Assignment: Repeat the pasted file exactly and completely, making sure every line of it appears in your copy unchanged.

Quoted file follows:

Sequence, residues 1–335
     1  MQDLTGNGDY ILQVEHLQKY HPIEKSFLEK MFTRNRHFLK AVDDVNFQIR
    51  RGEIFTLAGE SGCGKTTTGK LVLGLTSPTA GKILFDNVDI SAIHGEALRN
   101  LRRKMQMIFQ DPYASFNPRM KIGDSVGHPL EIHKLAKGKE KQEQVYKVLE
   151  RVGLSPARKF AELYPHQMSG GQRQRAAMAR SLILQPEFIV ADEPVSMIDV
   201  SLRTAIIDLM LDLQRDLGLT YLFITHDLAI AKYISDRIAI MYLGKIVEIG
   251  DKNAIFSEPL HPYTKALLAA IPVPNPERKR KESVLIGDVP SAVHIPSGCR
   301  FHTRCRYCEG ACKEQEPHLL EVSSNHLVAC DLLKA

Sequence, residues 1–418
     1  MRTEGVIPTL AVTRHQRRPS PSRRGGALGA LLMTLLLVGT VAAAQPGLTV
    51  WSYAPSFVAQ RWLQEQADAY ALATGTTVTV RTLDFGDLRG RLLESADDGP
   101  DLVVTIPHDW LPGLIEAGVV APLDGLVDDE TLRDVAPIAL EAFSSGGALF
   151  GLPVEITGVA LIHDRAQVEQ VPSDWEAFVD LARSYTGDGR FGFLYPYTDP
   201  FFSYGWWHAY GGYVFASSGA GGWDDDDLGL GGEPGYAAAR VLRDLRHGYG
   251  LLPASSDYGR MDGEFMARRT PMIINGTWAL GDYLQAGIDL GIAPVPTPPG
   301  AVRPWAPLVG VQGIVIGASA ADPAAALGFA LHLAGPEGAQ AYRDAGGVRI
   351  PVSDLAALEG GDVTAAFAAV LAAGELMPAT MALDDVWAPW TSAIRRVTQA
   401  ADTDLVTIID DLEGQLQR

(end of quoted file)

Sequence, residues 1–335
     1  MQDLTGNGDY ILQVEHLQKY HPIEKSFLEK MFTRNRHFLK AVDDVNFQIR
    51  RGEIFTLAGE SGCGKTTTGK LVLGLTSPTA GKILFDNVDI SAIHGEALRN
   101  LRRKMQMIFQ DPYASFNPRM KIGDSVGHPL EIHKLAKGKE KQEQVYKVLE
   151  RVGLSPARKF AELYPHQMSG GQRQRAAMAR SLILQPEFIV ADEPVSMIDV
   201  SLRTAIIDLM LDLQRDLGLT YLFITHDLAI AKYISDRIAI MYLGKIVEIG
   251  DKNAIFSEPL HPYTKALLAA IPVPNPERKR KESVLIGDVP SAVHIPSGCR
   301  FHTRCRYCEG ACKEQEPHLL EVSSNHLVAC DLLKA

Sequence, residues 1–418
     1  MRTEGVIPTL AVTRHQRRPS PSRRGGALGA LLMTLLLVGT VAAAQPGLTV
    51  WSYAPSFVAQ RWLQEQADAY ALATGTTVTV RTLDFGDLRG RLLESADDGP
   101  DLVVTIPHDW LPGLIEAGVV APLDGLVDDE TLRDVAPIAL EAFSSGGALF
   151  GLPVEITGVA LIHDRAQVEQ VPSDWEAFVD LARSYTGDGR FGFLYPYTDP
   201  FFSYGWWHAY GGYVFASSGA GGWDDDDLGL GGEPGYAAAR VLRDLRHGYG
   251  LLPASSDYGR MDGEFMARRT PMIINGTWAL GDYLQAGIDL GIAPVPTPPG
   301  AVRPWAPLVG VQGIVIGASA ADPAAALGFA LHLAGPEGAQ AYRDAGGVRI
   351  PVSDLAALEG GDVTAAFAAV LAAGELMPAT MALDDVWAPW TSAIRRVTQA
   401  ADTDLVTIID DLEGQLQR